Open AccessThis article is distributed under the terms of the Creative Commons Attribution 4.0 International License (http://creativecommons.org/licenses/by/4.0/), which permits unrestricted use, distribution, and reproduction in any medium, provided you give appropriate credit to the original author(s) and the source, provide a link to the Creative Commons license, and indicate if changes were made. The Creative Commons Public Domain Dedication waiver (http://creativecommons.org/publicdomain/zero/1.0/) applies to the data made available in this article, unless otherwise stated.
- Boumans, R., Costanzs, R., Farley, J., Wilson, M. A., Portela, R., Rotmans, J., Villa, F., & Grasso, M. (2002). Modeling the dynamics of the integrated earth system and the value of global ecosystem services using the GUMBO model. Ecological Economic, 41, 529–560.View ArticleGoogle Scholar
- Costanza, R., D’Arge, R., de Groot, R. S., Farber, S., Grasso, M., Hannon, B., Limburg, K., Naeem, S., O’Neill, R. V., Paruelo, J., Raskin, R. G., Sutton, P., & van den Belt, M. (1997). The value of world’s ecosystem services and natural capital. Nature, 387, 253–260.View ArticleGoogle Scholar
- Environmental Restoration and Conservation Agency (2014). Plantation manual for air purification (in Japanese).Google Scholar
- Griffin, R., Dabdub, D., & Seinfeld, J. (2002). Secondary organic aerosol 1. Atmospheric chemical mechanism for production of molecular constituents. Journal of Geophysical Research, 92, 1–36.Google Scholar
- Kang, N. (2010). A study on carbon storage in aboveground, root, and fine root of major afforestation species of Korea. Doctorial paper of Chungnam University.Google Scholar
- Kim, J., G. Kim, R. Kim, H. Yun, S. Lee, H, Chei, J. Kim and C. Park (2010). A study on public assessment of forest. Korea Forest Research Institute Report 10-26.Google Scholar
- Kim, J., Kim, R., Yoon, H., Lee, S., Choi, H., Kim, J., Park, C., & Kim, K. (2012). Valuation of nonmarket forest resources. Outdoor Recreation Management, 16(4), 9–18.Google Scholar
- Korea Forest Service. (2016). Basic statistics of forest. Statistical Yearbook of Forest, 14.Google Scholar
- Korean Forest Affair (2000). Sustainable forest management.Google Scholar
- Korean Forest Service (2016). Report of basic assessment of public function in Forest in 2014.Google Scholar
- Kweon, S., Park, Y., & Kim, E. (2008). Study on forest functions classification using GIS-Chunyang National Forest Management Planning. Journal of Korean Geographic Information, 11(4), 10–21.Google Scholar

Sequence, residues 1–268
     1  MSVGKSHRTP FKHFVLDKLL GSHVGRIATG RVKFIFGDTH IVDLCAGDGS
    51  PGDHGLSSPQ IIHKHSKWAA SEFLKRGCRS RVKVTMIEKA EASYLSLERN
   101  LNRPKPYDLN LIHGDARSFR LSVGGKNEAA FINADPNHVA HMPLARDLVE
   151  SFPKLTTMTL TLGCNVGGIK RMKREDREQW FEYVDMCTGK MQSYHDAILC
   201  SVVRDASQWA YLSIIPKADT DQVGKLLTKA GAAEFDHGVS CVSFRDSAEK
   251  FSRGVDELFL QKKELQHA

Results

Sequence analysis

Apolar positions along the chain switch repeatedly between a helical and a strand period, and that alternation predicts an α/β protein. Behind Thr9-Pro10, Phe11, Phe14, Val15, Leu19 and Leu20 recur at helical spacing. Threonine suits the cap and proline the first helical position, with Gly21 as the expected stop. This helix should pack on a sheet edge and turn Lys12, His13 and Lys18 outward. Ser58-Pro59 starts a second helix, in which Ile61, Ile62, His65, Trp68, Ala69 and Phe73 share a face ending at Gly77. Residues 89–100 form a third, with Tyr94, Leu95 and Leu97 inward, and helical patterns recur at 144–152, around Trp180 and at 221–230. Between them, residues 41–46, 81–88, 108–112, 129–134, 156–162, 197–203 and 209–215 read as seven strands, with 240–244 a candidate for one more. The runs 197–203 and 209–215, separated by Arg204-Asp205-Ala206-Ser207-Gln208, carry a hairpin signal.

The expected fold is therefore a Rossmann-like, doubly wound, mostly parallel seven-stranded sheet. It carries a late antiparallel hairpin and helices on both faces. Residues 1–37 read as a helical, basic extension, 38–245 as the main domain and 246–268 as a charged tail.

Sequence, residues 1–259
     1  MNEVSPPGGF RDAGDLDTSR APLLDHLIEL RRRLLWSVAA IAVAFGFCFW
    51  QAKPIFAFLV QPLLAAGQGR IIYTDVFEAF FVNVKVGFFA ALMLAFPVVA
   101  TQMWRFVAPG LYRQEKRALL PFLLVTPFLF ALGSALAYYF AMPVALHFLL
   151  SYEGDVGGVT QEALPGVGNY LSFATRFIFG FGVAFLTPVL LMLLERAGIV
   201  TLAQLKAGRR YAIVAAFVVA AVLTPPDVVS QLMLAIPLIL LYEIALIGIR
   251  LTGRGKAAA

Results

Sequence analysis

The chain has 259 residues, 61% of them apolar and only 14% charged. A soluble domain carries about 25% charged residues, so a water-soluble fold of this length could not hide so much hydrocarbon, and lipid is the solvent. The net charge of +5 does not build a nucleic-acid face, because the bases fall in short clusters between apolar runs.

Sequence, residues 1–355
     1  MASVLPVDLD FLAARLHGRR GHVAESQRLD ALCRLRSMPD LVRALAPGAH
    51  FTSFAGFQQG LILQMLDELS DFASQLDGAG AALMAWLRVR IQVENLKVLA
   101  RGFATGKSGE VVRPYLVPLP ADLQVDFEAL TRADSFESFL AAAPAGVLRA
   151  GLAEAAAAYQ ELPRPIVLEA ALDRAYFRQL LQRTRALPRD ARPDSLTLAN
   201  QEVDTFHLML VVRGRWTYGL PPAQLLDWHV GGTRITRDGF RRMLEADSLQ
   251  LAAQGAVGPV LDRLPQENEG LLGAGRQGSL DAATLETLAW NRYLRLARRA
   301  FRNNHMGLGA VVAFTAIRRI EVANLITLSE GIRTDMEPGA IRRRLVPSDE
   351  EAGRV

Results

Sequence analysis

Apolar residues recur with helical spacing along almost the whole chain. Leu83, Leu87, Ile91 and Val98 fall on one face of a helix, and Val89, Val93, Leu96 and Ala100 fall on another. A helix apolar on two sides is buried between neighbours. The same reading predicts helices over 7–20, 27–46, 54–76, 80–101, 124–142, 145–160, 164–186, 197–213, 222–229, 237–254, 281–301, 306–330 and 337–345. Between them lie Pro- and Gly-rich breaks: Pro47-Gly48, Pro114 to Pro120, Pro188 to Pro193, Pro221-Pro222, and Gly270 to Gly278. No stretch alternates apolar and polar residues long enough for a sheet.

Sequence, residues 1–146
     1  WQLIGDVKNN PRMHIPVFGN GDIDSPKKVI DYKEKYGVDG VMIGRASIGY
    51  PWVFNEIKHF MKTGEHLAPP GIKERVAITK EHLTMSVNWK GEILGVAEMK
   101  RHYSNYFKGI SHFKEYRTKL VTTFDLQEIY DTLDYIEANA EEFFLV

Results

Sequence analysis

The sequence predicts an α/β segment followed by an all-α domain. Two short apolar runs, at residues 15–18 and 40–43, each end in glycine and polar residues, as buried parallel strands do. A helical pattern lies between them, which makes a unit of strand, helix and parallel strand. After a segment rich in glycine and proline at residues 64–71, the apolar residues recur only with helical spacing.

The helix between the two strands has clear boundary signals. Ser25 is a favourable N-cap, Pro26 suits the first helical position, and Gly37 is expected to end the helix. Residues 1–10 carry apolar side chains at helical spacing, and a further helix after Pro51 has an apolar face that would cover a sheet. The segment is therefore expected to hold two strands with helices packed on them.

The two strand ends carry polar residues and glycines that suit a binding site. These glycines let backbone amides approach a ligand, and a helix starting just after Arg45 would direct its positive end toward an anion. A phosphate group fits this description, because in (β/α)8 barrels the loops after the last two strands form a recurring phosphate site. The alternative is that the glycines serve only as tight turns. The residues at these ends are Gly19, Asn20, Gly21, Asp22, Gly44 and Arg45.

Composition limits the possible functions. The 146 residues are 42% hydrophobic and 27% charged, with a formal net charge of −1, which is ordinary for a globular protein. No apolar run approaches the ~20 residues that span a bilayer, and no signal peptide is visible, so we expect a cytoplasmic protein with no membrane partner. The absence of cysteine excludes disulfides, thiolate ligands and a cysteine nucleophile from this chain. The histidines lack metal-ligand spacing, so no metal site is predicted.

- Lee, D. (2002). Ecology of Korea. In the 8th Intecol international congress of ecology 19–46.Google Scholar
- Lee, J., Cho, K., Jeon, Y., Kim, J., Lim, Y., Lee, K., & Lee, I. (2017). Characteristics and distribution of terpenes in South Korean forests. Journal of Ecology and Environment, 41(5), 132–141.Google Scholar
- Lee, J., Ju, H., & No, J. (2010). Research on priority of forest values based on AHP. The Journal of Korean Policy Studies, 10(3), 301–317.Google Scholar
- Millennium Ecosystem Assessment. (2005). Ecosystems and human well-being. Millennium ecosystem assessment (MA). Washington DC: Island Press.Google Scholar
- Ministry of Environment (2014). Air Korea (http://www.airkorea.or.kr/eng/index).Google Scholar
- Miyake, H. (1990). Evaluation of atmospheric purification function of green space based on plant productivity. Japan Ministry of Education「Human and Environment」Research Report 038-N31, 1530.Google Scholar
- Nelson, E., Mendoza, G., Regetz, J., Polasky, S., Tallis, H., Cameron, D. R., Chan, K. M. A., Daily, G. C., Goldstein, J., Kareiva, P. M., Lonsdorf, E., Naidoo, R., Ricketts, T. H., & Shaw, M. R. (2009). Modeling multiple ecosystem services, biodiversity conservation, commodity production, and tradeoffs at landscape scales. Front Ecological Environment, 7(4), 11.Google Scholar
- Ogawa, W. (1992). In Japanese title. Saitamakenkougaisenta Research Report 19.33-42.Google Scholar
- Shu, S., Yu, R., Lee, G., & An, G. (2006). Application of GIS to evaluate forest functions—focused on Cheonnam National University Experiment Forest. Master paper in Cheonnam University, 14(2), 45–54.Google Scholar
- Song, C. I. (2015). Assessment of ecosystem functions and services for air purification of forest. The Degree of master of science in Korea University.Google Scholar
- Sugahara, K. and I. Aiga (1987). Studies on the role of vegetation as a sink of air pollutants. Research Report from National Institute for Environmental Studies, Japan 108, 1-260.Google Scholar
- Totsuka, T., & Miyake, H. (1991). Atmospheric purification of vegetation. Journal of Japan Society of Air Pollution, 26(4), 71–80.Google Scholar
- Yun, C., Kim, H., Lee, B., Shin, J., Yang, H., & Lim, J. (2011). Characteristic community type classification of forest vegetation in South Korea. Journal of Korean Forest Society, 100, 504–521.Google Scholar